While it would have been wonderful to have nothing but multi-star meals during this trip, the simple truth is that it’s not possible. Paris is expensive, and the weak dollar means that the whole country is steep, even down in the provinces. The challenge has been to eat well on a budget while still choosing meals that will make for good copy–since despite all snark I am trying to make this trip worth reading about for all you good people who voted for me–without running up an insane tab.
I had dreams of hitting some renowned and starred establishments for lunch–which, by all accounts, are bargains compared to their dinner prices–but so far it hasn’t happened. But there are still pleasures and lessons to be found in the less gilded corners of Paris. Take the photo above; that’s a salde Niçoise I had the other day for lunch. I’ve always had a soft spot for this dish, because it is in many ways the perfect lunch: packed with nutrition, yet light enough to make no dent in the afternoon’s productivity. Every café does it differently, and it’s always fun to see how the chef puts a personal stamp on such an archetypal dish. I thought this one was lovely; the chef clearly put some thought into it, and the dressing (piquant with mustard seeds) was sharp and assertive, playing off the balsamic glaze over there on the right and binding all the diverse flavors and textures together nicely, even though the tomatoes are not in season and really served no purpose. I also find that the lunch salads are an essential means of getting enough vegetables in this town.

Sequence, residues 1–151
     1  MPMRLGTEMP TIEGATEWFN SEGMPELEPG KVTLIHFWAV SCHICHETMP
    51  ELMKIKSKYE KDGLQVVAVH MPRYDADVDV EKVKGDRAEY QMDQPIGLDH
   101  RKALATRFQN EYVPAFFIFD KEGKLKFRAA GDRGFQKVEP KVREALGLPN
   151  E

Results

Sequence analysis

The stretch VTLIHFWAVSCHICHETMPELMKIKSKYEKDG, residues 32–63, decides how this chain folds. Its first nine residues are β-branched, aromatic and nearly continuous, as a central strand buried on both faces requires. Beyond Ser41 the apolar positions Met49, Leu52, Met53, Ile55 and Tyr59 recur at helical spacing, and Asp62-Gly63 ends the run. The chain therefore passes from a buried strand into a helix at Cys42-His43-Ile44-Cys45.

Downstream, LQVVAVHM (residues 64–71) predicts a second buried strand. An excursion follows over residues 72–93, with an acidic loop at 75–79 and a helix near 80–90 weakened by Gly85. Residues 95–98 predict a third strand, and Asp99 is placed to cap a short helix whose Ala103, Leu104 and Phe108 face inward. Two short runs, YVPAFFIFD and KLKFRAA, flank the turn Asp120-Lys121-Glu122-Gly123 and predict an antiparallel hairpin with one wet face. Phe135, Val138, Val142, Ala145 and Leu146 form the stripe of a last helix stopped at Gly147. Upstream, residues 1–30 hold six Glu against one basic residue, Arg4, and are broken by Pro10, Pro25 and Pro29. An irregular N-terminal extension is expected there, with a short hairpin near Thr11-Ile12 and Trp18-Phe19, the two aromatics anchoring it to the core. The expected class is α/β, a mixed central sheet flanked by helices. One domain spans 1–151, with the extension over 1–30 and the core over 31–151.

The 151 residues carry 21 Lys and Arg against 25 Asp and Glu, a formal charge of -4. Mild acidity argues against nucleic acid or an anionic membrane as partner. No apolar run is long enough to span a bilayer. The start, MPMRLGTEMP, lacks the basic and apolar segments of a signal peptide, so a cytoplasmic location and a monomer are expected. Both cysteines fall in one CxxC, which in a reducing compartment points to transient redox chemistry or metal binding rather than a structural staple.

It was nothing at all fancy, but executed with care. And that’s something that one finds here more often than at home, provided one is at all judicious in choosing where to eat. For example, Sunday night I ate at a Corsican place here in Agen. Being Sunday night, the place was a ghost town, evoking nothing so much as Eliot’s Four Quartets; a stiff and gusting breeze sending bits of paper and leaves whipping down narrow, abandoned streets shiny with recent rain. For the first ten minutes of my walk, I was worried that I would find nowhere at all to eat, let alone another human being. But then, turning off the main street, I found a warmly lit little place that looked inviting, especially on account of it was open and there were a few people inside.
Turns out it was Corsican, and the menu, though simple, offered some compellingly different takes on standard café fare. I started with a salade de chevre chaud, another of my favorites, except the goat cheese was a sharp Corsican variety and there were four slices of exquisitely smoky and herb-crusted coppa on top as well. The meat was sliced just a hair thicker than paper, so it offered a bit of resistance to a chew and positively burst with flavor. To follow, I had lamb chops: four beautiful little loin chops, also with an herb crust, and cooked the deep red inside that everybody in this whole country seems to automatically cook meat to. He didn’t even ask me how I wanted it, which is common here; it’s just assumed that you want it cooked perfectly, which is rare. I know lots of people disagree and like meat less red, and they’re entitled to their opinions, but I have eaten many kinds of meat at every stage of doneness, and there is no doubt that by far the best combination of flavor and texture is to be found in deep red territory, especially when the meat is good. I love that that is a consensus here, because it’s the truth.